Rep. Mike Conaway (R-Texas), a certified public accountant, had pushed for months for an internal audit of the National Republican Congressional Committee, according to GOP members, but the committee’s treasurer at the time was reluctant.
Finally, at a recent meeting, the now former NRCC treasurer, Christopher J. Ward, relented, giving Conaway what was supposed to be an official internal audit from 2006. That document was a fake, the GOP members said. Even the letterhead on which it was sent was a forgery.
Revelations about the falsified document touched off an unfolding scandal that has rocked the NRCC and spurred a criminal investigation by the FBI into the committee’s accounting procedures.
Fearing the fallout from the discovery, the NRCC informed its principle lender, Wachovia, of potential accounting problems. Wachovia, which declined comment Thursday, had lent the committee $9 million in 2006, according to Federal Election Commission records.
Knowing the bank was required by law to notify federal investigators of any “suspicious activity,” the NRCC also alerted the FBI, Republican insiders confirmed.
At the same time, NRCC officials notified the FEC that the committee may have filed inaccurate disclosure statements.
Since the accounting irregularities were first uncovered in late January, NRCC Chairman Tom Cole (R-Okla.) has retained an outside law firm, Covington & Burling, to advise the committee and hired the accounting firm PricewaterhouseCoopers to review the committee’s finances, the chairman told members during a closed-door briefing in the Cannon Caucus Room Thursday.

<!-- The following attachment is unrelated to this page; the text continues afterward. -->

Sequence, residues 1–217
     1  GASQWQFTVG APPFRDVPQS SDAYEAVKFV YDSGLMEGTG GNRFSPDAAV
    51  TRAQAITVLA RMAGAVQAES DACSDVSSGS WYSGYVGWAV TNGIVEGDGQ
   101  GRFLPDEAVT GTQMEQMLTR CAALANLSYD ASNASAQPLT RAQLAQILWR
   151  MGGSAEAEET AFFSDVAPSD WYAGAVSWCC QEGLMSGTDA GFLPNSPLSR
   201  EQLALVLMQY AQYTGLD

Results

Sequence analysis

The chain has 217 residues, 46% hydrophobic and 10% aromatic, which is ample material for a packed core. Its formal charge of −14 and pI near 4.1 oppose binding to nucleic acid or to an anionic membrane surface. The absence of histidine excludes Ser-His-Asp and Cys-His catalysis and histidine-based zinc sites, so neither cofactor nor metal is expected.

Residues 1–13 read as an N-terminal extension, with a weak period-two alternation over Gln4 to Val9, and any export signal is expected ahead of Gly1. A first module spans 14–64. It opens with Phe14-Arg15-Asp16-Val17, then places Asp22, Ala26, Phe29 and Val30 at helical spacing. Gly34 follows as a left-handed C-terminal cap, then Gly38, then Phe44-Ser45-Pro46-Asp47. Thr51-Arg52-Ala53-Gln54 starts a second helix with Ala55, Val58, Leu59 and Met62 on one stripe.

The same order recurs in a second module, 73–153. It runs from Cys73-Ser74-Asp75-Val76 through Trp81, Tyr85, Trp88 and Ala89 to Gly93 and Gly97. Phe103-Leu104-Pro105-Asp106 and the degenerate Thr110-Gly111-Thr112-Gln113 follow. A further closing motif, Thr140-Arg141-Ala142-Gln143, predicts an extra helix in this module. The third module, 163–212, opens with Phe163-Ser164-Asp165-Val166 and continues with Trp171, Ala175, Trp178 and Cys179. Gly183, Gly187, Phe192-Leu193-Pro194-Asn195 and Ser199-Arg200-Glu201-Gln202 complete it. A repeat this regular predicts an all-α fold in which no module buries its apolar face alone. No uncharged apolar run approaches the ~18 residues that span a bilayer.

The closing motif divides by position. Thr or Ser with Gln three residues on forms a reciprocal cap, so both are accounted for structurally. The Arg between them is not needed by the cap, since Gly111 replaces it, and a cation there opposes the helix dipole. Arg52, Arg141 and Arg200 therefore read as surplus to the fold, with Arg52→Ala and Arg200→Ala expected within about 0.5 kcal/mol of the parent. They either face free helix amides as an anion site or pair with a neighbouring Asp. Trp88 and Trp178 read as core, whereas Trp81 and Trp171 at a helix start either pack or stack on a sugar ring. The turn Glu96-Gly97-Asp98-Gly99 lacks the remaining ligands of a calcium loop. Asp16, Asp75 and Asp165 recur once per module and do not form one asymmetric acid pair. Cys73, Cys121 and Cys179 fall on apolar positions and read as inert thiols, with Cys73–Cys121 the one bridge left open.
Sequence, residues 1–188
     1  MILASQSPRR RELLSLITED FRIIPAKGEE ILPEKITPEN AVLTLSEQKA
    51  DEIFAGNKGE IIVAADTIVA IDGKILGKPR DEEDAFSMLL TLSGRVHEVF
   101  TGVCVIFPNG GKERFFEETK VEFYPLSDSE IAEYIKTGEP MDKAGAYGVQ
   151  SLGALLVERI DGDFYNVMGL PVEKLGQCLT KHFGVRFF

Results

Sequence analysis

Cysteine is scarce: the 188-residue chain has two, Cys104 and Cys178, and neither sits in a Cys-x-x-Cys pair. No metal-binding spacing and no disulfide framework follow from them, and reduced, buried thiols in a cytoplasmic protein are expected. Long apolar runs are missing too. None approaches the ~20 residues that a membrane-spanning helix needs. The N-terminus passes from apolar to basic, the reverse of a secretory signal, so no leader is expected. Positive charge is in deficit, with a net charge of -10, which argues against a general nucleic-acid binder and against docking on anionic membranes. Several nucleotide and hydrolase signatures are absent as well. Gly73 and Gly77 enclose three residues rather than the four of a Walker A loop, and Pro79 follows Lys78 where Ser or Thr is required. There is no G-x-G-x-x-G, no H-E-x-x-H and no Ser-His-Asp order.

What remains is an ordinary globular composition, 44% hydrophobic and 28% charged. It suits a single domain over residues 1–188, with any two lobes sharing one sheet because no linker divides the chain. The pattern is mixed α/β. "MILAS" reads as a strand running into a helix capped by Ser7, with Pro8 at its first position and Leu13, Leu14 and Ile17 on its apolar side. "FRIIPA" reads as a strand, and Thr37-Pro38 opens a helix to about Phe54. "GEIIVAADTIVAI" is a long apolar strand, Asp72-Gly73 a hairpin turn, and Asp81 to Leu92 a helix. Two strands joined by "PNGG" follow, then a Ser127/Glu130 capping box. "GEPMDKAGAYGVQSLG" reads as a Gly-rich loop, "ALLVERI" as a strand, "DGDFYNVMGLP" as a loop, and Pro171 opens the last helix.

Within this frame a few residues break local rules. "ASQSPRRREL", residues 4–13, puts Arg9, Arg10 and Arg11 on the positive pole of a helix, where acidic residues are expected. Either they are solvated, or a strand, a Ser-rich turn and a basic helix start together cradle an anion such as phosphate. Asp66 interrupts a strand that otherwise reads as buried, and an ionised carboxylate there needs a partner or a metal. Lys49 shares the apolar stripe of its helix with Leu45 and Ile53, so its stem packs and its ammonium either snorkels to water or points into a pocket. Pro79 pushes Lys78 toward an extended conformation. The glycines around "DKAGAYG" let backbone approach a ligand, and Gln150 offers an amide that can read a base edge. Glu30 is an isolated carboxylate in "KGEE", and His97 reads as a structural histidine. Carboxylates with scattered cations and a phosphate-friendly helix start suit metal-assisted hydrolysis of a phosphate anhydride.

But it may take four to six weeks for a forensic audit of the NRCC to be completed, one senior Republican lawmaker said, and until then, it is unclear what, if any, wrongdoing occurred or the scope of potential losses to the committee.
Thursday’s session was Cole’s first chance to address a large number of Republican colleagues since the investigation began, and he sought to reassure them that the irregularities would not hamstring the party in this fall’s elections, despite concerns they could add to the GOP’s pre-existing money woes.
Cole told his colleagues that he wasn’t sure if the committee had done a real audit since 2001, and that could open the door for a lengthy and expensive review of the committee’s financial records.
Cole spoke to members with notes detailing what he could – and could not – say, according to one member present. Conaway and Rep. John Kline (R-Minn.), who chairs the committee’s management team, also spoke.
But none gave members any more details about the alleged transgressions. And no one mentioned Ward’s name.
The former treasurer signed every FEC report the NRCC submitted from 1993 to 2003, and he was also affiliated with dozens of other Republican campaigns and leadership political action committees, some of which have already begun their own internal audits.
Ward has not responded to repeated attempts to seek comment.
In an effort to calm some of the most anxious Republicans, Cole said they could set up a private briefing with the committee’s general counsel, Don McGahn, to learn more, members said after the briefing. That way, lawmakers would be protected by attorney-client privilege.
But most members and aides have shown a distinct unwillingness to learn much more about the investigation for fear of getting ensnared in it.
The acknowledgement that the committee’s financial records might be inaccurate or falsified opens the possibility that the accounting problems could run much deeper than initially suggested in Cole’s original public statement on the matter.
Campaign committees are not required by law to perform an internal audit each year, a group of election lawyers said. But most corporations and large campaign committees do perform regular reviews to ensure their numers match the reports they file with the FEC.
Cole, Conaway and Kline were careful not to suggest in the briefing that the committee had lost any money, members said. The NRCC, Conaway and Kline all refrained from public comment.
In the short term at least, House Republicans have rallied around Cole and his NRCC team, giving him a warm ovation during Thursday’s briefing.
“Tom Cole and the audit committee at the NRCC are doing everything to get to the bottom of it,” House Minority Leader John A. Boehner (R-Ohio) told reporters after the briefing.